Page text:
Over the past 100 years, they became accustomed to seeing themselves as an arm of the Zionist movement. Then they suddenly found out that the attorney general, who represents the state in the High Court, had deserted them - kind of like the settlers of Gush Katif. But the JNF had not been sent to settle the land by the cabinet ministers from the extreme right, but rather by Herzl and the Fifth Zionist Congress of 1901 - and this certainly is a more significant authority.

The truth is that until 2004, Arabs could win tenders for JNF lands. The rule was that in such cases, the JNF would exchange land with the ILA, and thus the land would be leased from the ILA, not the JNF. In her statement to the High Court, Mandel claims that this was a clumsy arrangement requiring approval from the Knesset Finance Committee, and that it made things difficult. However, instead of dragging the state into a discussion on when Zionism becomes racism, it may have been easier to simplify this process. In 2004, the ILA published its first tender for JNF lands that stated explicitly that it was subject to the rules of the JNF - that is, that the land could be leased to Jews only. This tender was tantamount to an invitation to a High Court petition, and indeed they soon arrived.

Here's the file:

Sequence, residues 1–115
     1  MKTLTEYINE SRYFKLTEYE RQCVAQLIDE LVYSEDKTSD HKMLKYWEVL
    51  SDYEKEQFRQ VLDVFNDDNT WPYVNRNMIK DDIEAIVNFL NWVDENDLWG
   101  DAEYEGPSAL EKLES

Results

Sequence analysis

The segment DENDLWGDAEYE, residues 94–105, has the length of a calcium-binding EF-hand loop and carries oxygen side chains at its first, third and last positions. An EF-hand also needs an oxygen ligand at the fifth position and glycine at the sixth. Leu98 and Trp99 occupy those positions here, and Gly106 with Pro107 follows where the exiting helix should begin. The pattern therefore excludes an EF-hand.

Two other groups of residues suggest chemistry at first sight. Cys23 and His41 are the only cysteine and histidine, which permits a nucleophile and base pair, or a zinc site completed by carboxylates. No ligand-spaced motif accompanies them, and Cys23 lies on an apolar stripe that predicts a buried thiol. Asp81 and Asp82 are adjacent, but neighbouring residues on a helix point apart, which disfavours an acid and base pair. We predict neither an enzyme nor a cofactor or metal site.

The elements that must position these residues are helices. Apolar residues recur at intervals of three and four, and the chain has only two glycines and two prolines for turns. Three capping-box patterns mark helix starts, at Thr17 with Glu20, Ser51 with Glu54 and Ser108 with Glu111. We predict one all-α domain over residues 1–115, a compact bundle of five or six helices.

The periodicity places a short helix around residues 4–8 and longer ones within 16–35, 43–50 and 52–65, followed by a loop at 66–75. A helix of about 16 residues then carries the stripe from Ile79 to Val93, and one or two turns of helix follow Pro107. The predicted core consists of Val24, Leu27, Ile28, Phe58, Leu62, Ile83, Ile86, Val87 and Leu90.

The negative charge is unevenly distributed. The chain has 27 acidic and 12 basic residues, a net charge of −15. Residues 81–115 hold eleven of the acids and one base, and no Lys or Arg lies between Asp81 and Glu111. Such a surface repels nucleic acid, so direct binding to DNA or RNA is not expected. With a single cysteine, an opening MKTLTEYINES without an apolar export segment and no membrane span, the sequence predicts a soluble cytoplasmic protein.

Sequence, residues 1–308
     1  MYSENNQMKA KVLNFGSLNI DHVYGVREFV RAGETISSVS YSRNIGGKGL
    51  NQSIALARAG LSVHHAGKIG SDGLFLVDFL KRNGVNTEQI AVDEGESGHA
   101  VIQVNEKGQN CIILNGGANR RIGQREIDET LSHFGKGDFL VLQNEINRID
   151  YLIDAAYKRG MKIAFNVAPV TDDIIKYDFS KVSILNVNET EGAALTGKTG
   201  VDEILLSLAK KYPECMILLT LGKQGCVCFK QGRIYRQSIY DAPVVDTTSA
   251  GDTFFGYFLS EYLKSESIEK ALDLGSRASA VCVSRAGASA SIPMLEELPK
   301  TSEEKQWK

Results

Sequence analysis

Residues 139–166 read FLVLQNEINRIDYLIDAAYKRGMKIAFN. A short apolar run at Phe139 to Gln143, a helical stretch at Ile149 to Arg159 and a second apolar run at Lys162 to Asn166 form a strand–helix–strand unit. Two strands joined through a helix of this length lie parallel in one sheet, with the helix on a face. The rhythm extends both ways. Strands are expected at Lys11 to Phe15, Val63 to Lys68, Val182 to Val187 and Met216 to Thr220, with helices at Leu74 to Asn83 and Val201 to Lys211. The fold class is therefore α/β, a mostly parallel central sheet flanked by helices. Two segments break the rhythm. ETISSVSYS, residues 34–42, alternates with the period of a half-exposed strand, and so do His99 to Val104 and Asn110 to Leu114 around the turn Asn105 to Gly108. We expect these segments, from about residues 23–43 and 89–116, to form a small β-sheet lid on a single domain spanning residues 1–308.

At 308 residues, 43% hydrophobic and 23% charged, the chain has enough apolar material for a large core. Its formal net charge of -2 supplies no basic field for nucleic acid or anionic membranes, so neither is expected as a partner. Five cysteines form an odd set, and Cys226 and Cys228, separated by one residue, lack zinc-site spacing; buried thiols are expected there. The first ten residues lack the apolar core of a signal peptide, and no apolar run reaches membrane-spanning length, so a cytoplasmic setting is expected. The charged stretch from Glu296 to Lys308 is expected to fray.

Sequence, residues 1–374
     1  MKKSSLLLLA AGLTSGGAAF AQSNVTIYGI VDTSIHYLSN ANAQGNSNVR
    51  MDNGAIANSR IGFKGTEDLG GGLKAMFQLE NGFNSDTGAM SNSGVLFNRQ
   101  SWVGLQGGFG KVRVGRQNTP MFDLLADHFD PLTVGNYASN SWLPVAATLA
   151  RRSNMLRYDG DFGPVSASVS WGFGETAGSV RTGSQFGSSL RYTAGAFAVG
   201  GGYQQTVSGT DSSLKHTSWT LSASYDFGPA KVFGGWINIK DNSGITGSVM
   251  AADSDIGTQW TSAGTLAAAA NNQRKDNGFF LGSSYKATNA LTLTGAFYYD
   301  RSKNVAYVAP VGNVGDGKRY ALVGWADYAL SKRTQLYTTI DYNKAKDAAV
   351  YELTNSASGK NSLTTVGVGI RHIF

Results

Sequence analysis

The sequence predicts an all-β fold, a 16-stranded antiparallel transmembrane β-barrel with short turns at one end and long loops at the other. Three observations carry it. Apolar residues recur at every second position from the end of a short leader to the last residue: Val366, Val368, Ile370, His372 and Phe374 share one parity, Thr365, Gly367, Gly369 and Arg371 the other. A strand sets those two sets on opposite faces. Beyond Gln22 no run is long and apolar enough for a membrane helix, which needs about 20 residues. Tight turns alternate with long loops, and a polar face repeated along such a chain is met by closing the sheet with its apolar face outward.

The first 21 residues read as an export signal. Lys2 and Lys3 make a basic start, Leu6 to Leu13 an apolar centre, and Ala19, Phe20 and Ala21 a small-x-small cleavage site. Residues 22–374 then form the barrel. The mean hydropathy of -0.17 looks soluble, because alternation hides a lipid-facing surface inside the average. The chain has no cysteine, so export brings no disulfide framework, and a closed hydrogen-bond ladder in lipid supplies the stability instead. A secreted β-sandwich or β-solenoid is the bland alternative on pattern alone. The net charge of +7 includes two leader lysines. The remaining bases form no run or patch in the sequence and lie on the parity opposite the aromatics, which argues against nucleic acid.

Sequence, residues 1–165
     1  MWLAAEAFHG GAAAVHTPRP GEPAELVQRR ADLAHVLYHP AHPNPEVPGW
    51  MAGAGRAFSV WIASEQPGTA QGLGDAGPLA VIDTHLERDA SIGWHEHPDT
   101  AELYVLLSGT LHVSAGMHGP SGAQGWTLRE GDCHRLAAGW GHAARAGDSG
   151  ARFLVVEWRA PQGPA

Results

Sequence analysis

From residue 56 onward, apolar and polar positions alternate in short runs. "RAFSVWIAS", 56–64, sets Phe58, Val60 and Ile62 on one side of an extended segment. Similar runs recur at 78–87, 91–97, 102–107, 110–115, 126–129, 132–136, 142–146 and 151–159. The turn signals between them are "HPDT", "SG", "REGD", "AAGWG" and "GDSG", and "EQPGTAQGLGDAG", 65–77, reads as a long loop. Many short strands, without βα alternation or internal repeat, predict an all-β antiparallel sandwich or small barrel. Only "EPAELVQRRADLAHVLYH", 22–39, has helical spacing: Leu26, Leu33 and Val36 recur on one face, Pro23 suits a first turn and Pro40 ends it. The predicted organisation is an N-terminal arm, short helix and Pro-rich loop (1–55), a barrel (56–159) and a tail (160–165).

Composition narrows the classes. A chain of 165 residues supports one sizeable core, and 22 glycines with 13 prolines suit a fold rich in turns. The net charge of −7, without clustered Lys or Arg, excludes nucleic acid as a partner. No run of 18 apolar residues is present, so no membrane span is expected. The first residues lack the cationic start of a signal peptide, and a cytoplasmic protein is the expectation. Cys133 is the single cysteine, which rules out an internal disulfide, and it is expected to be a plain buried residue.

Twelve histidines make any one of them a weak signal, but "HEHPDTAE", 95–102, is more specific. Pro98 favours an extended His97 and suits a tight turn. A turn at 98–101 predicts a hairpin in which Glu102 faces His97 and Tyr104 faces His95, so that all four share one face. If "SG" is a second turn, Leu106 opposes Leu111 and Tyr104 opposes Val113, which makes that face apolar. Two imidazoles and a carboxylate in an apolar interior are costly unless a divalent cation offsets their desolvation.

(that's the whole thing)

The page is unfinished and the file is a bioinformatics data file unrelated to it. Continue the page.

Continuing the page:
The JNF says it has 2.5 million dunams of land, approximately 11 percent of the land in Israel. The fund, which does not receive state funding, claims it owns them. Some 1 million dunams were bought, plot by plot, during the British Mandate.

What hurts the JNF's claim that no one can tell it what to do with its property is the fact that about half the lands in its possession belong to absentee owners, and were sold to it by the state in 1953. The ACRI stated in its petition: "These lands are the property of the entire public, and their transfer to the JNF does not free them from coming under the purview of public law."

The JNF claimed in its response to the High Court that this was not a transfer but rather a purchase, and that the payment was used to cover security expenses. In 1953, the state and the JNF signed an agreement on the sale of 2 million dunams to the JNF. The first 1.1 million dunams - of which 98.5 percent were then defined as agricultural lands and only 1.5 percent as urban lands - were sold for 28 million lirot. The next 1.27 million - of which 99.8 percent were agricultural lands - was to be sold for 66 million lirot, but that deal was only partially upheld, and in the end the JNF bought a total of 1.25 million dunams from the state.